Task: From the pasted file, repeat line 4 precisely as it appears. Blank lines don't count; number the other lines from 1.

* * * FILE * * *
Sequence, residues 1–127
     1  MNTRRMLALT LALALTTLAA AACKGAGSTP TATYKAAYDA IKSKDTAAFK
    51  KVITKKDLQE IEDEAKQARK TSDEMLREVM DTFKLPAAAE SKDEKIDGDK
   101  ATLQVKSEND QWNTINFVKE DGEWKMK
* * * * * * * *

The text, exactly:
   101  ATLQVKSEND QWNTINFVKE DGEWKMK